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Canada's Jennifer Provan of Toronto at skipper and Nikola Girke of Grande Prairie, Alta at crew are seen in the middle of the pack in the women's double-handed dinghy 470 at the Olympic Sailing Centre at the Athens Olympics, Saturday, August 21, 2004.

Mike Ridewood

Nikola Girke, tall, lean and fit, sunglasses always at the ready, has one more step to take to get to the London Olympics.

The 34-year-old two-time Olympian is at the world windsurfing championships this week on the azure waters of Cadiz, Spain, hoping to steer her RS:X craft to an Olympic berth.

Canada already has an Olympic berth. Had Girke been able to finish in the top 10 at the world championships last December in Perth, Australia, she would automatically have been the Canadian to get the spot (as long as no other Canadian made it to the top 10. See how convoluted Olympic qualifying criteria has become?)

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Girke missed that boat after one of her battens broke in the first of 10 races in Perth. She ended up 15th , qualifying a spot for Canada, but never being able to close the gap she wanted to qualify her own spot at the Olympics.

But Girke came away from Perth with an important conviction: that "I absolutely know I have it in me to be a medal contender in London," she said from Vancouver before leaving for Spain. "It's all just fine-tuning now."

On paper, Girke looks to have a healthy shot at gaining the homeside berth. She's currently ranked 18th in the world, while Dominique Vallee (no, not the Canadian snowboarder but a veteran windsurfer who won gold at the 2007 Pan American Games) is ranked 38th and Laurence Bonneau-Charland, a former gymnast and sailor who adopted RS:X only a couple of years ago, is ranked 116th.

Windsurfing is never a predictable sport, but Girke was a natural on the board. She learned quickly. After finishing 13th in the 470 class with Jen Provan of Toronto at the 2004 Athens Olympics, the young crew showed lots of promise. But Girke did a gusty thing.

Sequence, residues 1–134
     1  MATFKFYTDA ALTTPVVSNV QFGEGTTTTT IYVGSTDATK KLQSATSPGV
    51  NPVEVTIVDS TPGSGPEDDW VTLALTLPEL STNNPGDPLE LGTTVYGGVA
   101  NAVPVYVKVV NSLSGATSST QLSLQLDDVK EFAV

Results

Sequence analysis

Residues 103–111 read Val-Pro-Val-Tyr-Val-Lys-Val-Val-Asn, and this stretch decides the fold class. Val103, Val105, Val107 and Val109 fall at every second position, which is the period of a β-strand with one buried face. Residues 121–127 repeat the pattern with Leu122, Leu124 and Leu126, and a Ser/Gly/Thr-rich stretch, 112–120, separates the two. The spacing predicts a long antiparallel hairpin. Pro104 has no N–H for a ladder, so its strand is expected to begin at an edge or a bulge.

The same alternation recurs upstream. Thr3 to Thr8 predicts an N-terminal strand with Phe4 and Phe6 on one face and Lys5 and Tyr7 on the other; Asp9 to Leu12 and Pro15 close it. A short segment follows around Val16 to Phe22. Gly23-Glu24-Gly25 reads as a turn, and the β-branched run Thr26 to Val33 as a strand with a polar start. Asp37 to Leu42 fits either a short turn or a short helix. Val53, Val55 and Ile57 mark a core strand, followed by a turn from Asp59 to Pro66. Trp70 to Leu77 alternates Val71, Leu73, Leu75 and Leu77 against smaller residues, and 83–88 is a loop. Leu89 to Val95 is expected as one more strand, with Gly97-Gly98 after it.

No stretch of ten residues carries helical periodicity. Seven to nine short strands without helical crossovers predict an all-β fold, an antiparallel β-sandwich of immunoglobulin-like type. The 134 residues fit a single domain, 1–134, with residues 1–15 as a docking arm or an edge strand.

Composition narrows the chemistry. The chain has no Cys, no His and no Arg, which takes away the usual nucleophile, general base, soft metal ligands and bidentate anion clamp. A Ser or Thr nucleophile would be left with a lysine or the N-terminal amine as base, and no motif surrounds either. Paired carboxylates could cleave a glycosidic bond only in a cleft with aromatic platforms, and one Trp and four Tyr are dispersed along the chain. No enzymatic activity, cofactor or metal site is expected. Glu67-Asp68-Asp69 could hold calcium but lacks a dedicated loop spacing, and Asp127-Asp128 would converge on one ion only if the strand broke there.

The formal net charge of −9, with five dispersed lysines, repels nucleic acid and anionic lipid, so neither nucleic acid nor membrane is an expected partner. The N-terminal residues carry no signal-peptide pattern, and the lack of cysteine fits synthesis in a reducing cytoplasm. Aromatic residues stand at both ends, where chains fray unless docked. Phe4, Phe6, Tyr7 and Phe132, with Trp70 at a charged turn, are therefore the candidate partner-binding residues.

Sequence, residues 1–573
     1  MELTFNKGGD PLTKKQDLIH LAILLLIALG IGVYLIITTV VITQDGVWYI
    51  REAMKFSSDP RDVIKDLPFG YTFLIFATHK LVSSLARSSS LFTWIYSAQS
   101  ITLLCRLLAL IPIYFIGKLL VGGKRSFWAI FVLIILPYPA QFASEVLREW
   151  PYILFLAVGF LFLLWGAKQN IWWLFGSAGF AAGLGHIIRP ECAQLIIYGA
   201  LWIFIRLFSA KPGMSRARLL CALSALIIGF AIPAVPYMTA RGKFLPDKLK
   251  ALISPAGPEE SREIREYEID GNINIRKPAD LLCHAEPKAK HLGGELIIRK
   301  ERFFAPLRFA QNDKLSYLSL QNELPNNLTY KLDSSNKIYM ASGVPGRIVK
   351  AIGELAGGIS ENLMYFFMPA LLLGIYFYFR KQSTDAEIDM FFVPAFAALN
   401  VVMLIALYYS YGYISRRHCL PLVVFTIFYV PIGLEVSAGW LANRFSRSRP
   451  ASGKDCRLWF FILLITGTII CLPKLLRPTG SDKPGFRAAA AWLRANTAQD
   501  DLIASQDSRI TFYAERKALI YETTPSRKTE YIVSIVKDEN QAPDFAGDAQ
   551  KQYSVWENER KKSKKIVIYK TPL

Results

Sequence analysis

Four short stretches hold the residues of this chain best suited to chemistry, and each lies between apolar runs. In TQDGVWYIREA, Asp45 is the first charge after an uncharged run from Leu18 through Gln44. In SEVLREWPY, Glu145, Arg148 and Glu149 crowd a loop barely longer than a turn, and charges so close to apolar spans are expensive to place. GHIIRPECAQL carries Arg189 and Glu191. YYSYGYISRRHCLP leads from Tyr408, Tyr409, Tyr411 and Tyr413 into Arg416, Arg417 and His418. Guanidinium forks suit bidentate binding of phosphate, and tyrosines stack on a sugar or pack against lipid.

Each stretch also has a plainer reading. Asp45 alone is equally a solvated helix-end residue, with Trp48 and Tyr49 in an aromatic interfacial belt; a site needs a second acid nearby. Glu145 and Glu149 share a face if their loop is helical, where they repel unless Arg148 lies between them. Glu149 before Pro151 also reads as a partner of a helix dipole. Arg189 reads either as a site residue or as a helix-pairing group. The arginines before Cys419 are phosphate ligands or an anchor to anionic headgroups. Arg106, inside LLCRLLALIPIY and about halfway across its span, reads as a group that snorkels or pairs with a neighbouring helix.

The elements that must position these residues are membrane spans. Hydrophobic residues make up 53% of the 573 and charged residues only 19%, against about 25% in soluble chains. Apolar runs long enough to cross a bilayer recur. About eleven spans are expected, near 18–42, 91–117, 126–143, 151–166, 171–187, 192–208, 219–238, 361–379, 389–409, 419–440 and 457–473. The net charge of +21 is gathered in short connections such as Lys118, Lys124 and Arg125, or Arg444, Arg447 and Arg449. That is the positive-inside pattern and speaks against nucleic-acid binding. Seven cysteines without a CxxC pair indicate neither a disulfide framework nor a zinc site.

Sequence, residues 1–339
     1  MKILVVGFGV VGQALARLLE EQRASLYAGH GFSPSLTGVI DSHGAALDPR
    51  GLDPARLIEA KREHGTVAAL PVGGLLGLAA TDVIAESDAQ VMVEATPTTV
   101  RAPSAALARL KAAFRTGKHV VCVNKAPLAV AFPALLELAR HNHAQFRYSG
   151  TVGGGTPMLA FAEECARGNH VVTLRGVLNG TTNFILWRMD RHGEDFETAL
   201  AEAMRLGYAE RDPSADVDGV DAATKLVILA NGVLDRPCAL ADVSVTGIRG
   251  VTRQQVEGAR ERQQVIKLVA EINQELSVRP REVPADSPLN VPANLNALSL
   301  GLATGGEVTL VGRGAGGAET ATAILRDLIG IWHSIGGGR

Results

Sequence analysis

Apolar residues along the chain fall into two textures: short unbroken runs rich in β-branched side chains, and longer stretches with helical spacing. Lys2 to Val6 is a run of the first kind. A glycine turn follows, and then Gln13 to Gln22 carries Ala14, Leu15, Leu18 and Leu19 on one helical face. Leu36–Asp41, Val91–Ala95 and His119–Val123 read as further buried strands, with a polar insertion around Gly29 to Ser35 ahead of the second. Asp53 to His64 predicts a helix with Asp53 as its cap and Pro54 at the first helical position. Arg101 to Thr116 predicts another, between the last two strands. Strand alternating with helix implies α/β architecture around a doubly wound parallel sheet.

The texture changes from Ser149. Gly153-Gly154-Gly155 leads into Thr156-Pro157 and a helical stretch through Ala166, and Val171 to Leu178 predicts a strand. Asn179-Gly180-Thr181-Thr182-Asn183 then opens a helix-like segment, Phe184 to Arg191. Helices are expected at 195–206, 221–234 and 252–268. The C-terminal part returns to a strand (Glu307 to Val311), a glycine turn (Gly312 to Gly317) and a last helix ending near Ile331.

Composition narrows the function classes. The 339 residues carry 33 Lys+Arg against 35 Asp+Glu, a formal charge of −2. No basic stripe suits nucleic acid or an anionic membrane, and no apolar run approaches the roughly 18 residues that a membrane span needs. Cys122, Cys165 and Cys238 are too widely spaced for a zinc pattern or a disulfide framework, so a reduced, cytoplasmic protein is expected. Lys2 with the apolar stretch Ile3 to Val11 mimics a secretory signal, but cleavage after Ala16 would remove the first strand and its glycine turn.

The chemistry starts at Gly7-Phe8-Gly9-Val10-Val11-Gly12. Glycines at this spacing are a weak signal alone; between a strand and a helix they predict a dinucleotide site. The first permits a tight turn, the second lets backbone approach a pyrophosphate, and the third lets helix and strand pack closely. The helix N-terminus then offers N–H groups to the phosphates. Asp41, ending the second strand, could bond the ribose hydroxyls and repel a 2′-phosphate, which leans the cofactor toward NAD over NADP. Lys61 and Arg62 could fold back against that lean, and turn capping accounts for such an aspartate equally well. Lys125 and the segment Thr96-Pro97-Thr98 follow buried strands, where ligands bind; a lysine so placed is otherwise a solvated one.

She switched to the RS:X class, even though for three years, she lost the funding and sponsorship she had with the 470 boat. She trained alone without a coach.

Still, at the 2008 Olympics in Beijing, Girke finished 17th, a remarkable effort for a greenhorn. Eleven of the 16 women who finished ahead of her were world or Olympic medalists. "It was a pretty stacked field," Girke said. "And the conditions were not favourable to me."

Girke, tall for a windsurfer at 5-foot-10, favours strong winds, but the winds were light in Beijing. Weymouth – the site of the London Olympic sailing events – is a different story, with varying winds and conditions. Girke has won three World Cup races in windsurfing. Two of them have come on the Weymouth course.

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"I know I can do it there," Girke said. "Just getting there is the next hurdle."

Ken Dool, head coach at the Canadian Yachting Association, says Girke is a powerful competitor that relishes strong winds, but because she weighs a little more than some of her competitors (137 pounds), she's at a disadvantage in light wind conditions. But Girke has worked to become far more adroit at addressing the light winds.

Dool says the Girke has experience on her side, which will help her to make crucial decisions in changing conditions.

But there is another goal to chase at this event, Dool said. Girke needs to establish, at least to herself, that she's a top-10 competitor at major events. At the Olympics, the top 10 return for the 11th race, the medal race, in which anything can happen.

Girke sees herself as a completely different athlete than the inexperienced windsurfer she was in Beijing. "I've never been in better shape," she said. "I think that will show on the board. Tactically and strategically, I'm much sharper. It's all experience that has added up. My confidence has built over the years."

On the shores of Britain's little tourist town, Weymouth, Girke won't be content with top 10. She has set her sights on a medal. The women's windsurfing event begins on March 22 in Spain.

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